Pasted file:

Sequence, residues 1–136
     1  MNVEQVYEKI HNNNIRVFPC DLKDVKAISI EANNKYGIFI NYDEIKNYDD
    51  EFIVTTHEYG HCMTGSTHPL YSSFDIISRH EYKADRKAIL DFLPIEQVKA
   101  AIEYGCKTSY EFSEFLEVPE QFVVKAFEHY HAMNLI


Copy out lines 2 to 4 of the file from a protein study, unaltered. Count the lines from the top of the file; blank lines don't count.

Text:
     1  MNVEQVYEKI HNNNIRVFPC DLKDVKAISI EANNKYGIFI NYDEIKNYDD
    51  EFIVTTHEYG HCMTGSTHPL YSSFDIISRH EYKADRKAIL DFLPIEQVKA
   101  AIEYGCKTSY EFSEFLEVPE QFVVKAFEHY HAMNLI